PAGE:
Accounting for the Missing Silica in the Marine Sediment Cycle
Cosmogenic silicon-based estimates of the amount of biogenic silica stored in clays along continental margins could explain the large discrepancy in the nutrient’s global marine budget.
During the past few decades scientists have increasingly realized that the cycling of silica in the world’s oceans is entwined with other key biogeochemical cycles, including those of carbon and nitrogen. And even though this coupling means silicon plays an important role in primary production and the amount of carbon dioxide in the atmosphere, a large mismatch in our estimates of the amount of this nutrient entering the oceans versus the amount that’s being removed remains.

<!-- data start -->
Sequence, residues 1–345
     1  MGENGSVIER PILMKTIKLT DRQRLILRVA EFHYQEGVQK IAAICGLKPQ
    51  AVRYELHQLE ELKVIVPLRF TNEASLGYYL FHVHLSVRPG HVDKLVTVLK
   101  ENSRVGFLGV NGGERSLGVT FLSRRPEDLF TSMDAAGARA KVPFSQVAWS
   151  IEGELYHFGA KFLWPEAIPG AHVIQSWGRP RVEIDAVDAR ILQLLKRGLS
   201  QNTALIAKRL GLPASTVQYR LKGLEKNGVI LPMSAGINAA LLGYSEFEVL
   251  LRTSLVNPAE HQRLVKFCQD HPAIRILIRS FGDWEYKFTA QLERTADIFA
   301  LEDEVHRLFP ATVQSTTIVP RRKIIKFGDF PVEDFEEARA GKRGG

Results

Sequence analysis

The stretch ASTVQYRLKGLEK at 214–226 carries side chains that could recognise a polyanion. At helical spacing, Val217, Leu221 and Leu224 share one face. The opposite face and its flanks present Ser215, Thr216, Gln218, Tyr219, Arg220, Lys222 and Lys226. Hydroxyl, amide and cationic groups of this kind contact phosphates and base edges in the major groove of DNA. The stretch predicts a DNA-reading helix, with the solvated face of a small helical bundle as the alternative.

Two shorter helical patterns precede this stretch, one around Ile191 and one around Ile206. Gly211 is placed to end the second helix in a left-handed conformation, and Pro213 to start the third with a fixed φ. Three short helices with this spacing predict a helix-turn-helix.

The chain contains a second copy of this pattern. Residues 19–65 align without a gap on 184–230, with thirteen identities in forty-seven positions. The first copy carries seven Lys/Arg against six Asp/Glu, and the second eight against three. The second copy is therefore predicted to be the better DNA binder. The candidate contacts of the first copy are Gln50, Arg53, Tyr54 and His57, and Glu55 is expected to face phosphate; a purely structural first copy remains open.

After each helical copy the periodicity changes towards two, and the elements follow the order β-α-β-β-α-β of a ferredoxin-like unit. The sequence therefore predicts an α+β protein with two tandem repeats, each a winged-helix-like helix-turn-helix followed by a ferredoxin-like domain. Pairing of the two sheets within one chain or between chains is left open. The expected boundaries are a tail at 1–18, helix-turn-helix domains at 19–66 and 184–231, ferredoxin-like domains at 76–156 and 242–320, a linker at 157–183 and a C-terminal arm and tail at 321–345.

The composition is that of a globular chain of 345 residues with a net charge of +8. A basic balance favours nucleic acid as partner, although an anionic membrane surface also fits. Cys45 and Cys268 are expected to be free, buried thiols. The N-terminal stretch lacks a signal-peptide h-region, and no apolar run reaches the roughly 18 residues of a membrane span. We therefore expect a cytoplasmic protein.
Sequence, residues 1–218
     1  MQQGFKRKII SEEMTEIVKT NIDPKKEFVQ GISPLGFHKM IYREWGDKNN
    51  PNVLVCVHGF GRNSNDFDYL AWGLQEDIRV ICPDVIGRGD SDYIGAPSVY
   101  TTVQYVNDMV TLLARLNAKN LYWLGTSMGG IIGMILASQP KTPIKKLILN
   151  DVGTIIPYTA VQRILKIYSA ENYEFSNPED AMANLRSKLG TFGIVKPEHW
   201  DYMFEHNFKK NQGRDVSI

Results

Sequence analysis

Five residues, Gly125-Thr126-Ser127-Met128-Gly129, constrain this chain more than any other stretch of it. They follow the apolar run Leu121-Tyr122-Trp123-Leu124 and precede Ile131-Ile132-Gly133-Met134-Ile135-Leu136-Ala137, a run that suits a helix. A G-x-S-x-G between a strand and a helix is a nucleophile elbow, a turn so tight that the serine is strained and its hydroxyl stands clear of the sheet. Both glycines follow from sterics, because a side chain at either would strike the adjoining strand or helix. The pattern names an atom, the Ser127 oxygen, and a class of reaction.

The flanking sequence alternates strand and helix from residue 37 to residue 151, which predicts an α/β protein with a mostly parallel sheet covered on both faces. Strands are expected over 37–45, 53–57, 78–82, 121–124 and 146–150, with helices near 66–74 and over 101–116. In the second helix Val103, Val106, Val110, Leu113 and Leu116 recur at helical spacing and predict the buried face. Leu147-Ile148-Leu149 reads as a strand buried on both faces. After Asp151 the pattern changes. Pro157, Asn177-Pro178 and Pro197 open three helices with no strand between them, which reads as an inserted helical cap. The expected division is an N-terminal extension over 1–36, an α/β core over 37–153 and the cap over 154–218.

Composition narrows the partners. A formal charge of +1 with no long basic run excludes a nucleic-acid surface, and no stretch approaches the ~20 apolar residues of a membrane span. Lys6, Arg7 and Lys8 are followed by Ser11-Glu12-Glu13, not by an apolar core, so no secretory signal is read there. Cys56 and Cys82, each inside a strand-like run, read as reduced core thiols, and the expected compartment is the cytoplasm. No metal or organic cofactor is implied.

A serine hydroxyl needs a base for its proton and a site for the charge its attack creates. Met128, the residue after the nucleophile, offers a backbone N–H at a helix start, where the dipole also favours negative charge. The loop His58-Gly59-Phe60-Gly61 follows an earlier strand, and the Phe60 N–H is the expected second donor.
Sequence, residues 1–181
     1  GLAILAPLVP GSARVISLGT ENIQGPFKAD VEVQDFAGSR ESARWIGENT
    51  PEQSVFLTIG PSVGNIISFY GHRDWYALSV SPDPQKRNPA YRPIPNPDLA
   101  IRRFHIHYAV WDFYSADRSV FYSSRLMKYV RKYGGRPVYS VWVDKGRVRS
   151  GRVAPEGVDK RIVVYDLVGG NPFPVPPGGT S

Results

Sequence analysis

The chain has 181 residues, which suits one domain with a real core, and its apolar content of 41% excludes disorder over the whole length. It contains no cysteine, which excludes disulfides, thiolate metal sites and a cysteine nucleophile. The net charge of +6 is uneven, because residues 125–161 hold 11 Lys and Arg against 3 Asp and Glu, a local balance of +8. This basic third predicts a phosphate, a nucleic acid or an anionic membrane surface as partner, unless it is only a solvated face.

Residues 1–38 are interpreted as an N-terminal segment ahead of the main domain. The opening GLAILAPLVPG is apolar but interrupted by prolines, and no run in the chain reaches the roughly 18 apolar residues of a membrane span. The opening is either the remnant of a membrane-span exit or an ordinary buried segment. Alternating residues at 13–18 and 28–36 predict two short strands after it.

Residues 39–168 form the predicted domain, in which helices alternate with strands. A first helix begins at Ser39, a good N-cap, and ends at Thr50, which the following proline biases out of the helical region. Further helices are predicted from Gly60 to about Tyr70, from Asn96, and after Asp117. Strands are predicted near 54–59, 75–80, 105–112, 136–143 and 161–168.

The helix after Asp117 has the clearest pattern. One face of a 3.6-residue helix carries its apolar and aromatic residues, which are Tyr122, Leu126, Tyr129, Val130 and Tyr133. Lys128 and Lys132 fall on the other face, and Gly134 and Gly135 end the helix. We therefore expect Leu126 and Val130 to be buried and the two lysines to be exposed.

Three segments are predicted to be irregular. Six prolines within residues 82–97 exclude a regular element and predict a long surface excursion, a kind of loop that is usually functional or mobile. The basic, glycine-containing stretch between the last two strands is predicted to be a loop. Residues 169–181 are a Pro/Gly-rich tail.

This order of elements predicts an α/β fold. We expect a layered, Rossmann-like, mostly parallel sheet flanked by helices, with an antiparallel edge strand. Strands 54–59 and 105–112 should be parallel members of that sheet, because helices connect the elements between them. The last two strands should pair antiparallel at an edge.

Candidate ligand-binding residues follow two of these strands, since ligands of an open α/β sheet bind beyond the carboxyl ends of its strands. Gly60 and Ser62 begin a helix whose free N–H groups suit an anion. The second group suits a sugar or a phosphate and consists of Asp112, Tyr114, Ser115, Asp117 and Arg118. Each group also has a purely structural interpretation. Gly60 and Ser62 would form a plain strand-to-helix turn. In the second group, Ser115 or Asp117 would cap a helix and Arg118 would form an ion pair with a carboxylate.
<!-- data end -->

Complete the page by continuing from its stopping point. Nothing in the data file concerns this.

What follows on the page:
One of the least understood pathways in the marine silica budget is the burial of biologically derived silica along continental margins with high sedimentation rates. In contrast to standard assumptions that much of the biogenic silica dissolves following burial, researchers have recently discovered that some of this silica is being converted to clay. Although this conversion would help explain where some of the silica is going, current estimates of this process account for just one quarter of the “missing” material.
-- Terri Cook, Freelance Writer,
- Article Category
- Research Articles
The Missing Silica Sink: Revisiting the Marine Sedimentary Si Cycle Using Cosmogenic 32Si
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Eos.org: Earth & Space Science News
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